PRESENTER Lorraine Keane has revealed how she saw friends vanish when she quit her career in television.
In an exclusive interview with the Sunday Independent, the former Xpose presenter, who has returned to TV3 for the first time in four years, spoke candidly about the hurt she felt when she was frozen out from some quarters.
She said: "A few people let me down. Not in TV3, but certainly in the business. Where I thought I had a very close friendship with some people and then -- when I wasn't on the TV anymore -- suddenly there was no sign of them and it was very hurtful.
"I had made this completely different lifestyle for my family and I, and it was great over the summer, and then I remember coming back in the autumn when it came to getting back to do a little bit of work and some people weren't interested in being my friend, and that was very disappointing. But I guess what doesn't kill you makes you stronger. Once you get over that actu-ally you are better off knowing. And I decided I wasn't going to waste time on them from here on out."
Key to her comeback is that her daughters Emilia, 10, and seven-year-old Romy are now at school until late afternoon, allowing their mum to resume her career.
Speaking about her break away from work, she said there is a constant struggle for women to feel they have done enough for their children. "I have done all three -- working full-time, working part-time and a full-time mother and no matter how much you do you still go to bed feeling guilty.
"I often lie awake at night thinking, 'Have I done enough for them?' Women are very very hard on themselves, they never think they are doing enough and there is always a big guilt there. The juggle is a struggle and I don't think we value or appreciate ourselves enough. I think we should be a lot kinder to ourselves for what we manage and give ourselves a pat on the back sometimes."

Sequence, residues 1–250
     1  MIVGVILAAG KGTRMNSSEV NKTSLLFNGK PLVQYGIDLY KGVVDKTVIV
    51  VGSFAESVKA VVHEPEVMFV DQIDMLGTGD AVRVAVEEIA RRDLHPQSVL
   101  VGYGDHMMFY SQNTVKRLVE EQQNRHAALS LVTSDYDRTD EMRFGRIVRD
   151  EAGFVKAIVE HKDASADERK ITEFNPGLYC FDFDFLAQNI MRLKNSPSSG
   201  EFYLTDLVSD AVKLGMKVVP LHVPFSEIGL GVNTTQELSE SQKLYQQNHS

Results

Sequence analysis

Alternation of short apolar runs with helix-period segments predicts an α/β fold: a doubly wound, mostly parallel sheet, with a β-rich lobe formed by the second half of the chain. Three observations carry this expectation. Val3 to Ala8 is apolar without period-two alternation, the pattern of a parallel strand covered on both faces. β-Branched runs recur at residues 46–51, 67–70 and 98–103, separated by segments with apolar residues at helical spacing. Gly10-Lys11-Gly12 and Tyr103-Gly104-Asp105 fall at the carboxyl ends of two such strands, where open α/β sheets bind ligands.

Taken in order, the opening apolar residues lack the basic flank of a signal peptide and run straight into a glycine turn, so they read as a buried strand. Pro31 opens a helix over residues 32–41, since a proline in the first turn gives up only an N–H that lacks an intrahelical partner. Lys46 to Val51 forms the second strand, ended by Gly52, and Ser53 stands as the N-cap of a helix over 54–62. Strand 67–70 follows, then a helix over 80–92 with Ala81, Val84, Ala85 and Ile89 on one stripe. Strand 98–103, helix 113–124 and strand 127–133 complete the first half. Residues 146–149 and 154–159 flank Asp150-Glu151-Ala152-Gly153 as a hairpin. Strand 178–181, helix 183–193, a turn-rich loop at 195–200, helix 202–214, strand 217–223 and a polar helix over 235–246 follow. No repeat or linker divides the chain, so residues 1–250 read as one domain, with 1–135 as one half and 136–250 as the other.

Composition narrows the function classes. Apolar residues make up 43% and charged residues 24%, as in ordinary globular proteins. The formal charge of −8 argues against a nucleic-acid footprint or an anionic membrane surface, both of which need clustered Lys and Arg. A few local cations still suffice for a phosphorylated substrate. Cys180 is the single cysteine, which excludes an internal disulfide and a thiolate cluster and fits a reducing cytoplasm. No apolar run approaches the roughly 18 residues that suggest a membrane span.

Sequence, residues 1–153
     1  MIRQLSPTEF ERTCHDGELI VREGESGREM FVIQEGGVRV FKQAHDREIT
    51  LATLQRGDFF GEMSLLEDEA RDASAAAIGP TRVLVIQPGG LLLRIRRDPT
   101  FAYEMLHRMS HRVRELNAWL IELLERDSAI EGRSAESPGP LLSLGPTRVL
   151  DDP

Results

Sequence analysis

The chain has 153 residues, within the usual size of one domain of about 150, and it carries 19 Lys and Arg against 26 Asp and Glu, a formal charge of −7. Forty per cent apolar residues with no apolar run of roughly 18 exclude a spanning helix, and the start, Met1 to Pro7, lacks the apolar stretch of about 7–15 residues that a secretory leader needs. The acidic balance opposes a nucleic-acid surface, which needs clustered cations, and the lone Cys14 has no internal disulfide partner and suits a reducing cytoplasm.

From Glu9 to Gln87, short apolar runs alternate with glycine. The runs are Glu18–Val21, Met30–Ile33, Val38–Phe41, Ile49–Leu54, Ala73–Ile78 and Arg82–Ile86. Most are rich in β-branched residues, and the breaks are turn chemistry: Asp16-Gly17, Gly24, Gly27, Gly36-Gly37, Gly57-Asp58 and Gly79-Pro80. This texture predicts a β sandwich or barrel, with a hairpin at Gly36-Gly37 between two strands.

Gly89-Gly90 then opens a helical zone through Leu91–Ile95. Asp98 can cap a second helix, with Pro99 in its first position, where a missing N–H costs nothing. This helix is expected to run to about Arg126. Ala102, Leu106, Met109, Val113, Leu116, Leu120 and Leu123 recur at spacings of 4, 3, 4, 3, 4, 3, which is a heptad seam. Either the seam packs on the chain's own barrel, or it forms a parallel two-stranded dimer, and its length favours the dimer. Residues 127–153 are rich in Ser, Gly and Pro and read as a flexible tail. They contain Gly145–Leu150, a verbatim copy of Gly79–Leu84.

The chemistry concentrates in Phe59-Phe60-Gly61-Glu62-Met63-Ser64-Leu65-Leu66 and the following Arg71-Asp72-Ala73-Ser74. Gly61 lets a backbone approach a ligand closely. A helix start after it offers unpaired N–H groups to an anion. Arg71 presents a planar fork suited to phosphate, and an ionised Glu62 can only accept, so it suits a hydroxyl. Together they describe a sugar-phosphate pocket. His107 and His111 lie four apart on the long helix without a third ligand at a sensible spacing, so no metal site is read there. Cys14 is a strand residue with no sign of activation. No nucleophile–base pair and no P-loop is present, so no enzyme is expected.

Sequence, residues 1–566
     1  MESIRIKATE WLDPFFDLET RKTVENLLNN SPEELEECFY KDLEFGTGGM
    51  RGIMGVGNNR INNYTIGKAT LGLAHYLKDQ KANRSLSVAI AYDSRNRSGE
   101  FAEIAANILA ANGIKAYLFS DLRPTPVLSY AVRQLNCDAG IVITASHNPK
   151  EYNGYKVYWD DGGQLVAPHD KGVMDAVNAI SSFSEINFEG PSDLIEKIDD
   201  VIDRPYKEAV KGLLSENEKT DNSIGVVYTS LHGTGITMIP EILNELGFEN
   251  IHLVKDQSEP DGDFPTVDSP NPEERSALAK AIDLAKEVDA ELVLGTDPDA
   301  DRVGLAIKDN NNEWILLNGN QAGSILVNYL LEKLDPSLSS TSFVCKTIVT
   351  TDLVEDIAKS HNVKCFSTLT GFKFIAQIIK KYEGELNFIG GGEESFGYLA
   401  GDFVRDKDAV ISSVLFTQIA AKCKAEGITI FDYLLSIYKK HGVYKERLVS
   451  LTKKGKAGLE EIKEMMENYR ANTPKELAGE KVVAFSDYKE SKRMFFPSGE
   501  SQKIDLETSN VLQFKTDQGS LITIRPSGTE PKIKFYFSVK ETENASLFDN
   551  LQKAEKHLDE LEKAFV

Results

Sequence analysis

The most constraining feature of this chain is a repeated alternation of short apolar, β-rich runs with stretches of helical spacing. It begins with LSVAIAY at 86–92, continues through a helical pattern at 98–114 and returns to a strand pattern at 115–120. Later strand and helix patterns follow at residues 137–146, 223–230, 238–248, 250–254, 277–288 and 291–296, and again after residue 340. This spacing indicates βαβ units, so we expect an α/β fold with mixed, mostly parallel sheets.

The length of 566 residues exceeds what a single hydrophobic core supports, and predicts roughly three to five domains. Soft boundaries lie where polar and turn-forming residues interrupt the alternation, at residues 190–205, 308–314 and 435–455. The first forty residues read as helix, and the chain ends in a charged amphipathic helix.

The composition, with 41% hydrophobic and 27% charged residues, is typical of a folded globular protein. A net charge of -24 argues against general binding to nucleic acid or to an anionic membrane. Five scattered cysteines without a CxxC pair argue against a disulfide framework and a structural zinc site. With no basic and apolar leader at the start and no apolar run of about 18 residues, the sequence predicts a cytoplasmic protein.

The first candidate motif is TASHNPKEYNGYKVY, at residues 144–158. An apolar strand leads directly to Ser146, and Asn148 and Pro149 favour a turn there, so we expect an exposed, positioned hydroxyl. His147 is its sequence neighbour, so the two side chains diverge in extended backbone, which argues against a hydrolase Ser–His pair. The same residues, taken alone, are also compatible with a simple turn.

On hanging up her microphone, she explained how some cutbacks had to happen if she wanted to spend more time with her young family.
"We have definitely had to make some sarcrifices over the past few years, it's the nature of freelance work. There is always a mild panic in August but then things work themselves out. But there were so many things -- holidays, weekends, all of that material stuff, but I believe happiness is the new rich."
But the mother of two spoke of her joy at being back among her colleagues at Bally-mount as she returned as a host on Late Lunch Live.
Saving special mention for someone who has more of a reputation for taking people to task than giving a friendly word of advice, she said: "I would regularly meet Vincent [Browne] for breakfast or lunch because he lives near me. Even when I was away from TV3.
"He is a really clever man, with a wealth of experience and he is a mentor to me, just like a dad, he is very protective."
After nailing her first live broadcast, the former Xpose presenter showed no fear of working in TV3's new high-definition studios.
"I look after myself more than ever now. I know it's more difficult to get older for women in my business than it is for men. Men can grow wrinkles, get fat, at they're liked just as much, whereas women are more scrutinised. It's a pity but it's a fact of life, like it or lump it. Looking well is about making the best of yourself."
Keane has been the poster girl for Garnier as well as the face of [hairdresser] Dylan Bradshaw and shared some of the secrets to looking young and healthy under the harsh glare of camera lights.
"I am a foodie, but I don't eat a big pile of food. I eat small portions all day long and if I feel like a slice of chocolate cake for lunch then I will have it but then I won't have the sandwich. It's all about trading off.
"I also don't exercise regularly but I take the stairs instead of the lift and walk or bike it to do my errands -- it's exercise with a purpose so I can fit it into my day.
"My third habit is a good dermatologist. I think every woman should have a good dermatologist from the age of 35 onwards and go once or twice a year for a proper facial or IPC laser to reduce redness and broken veins."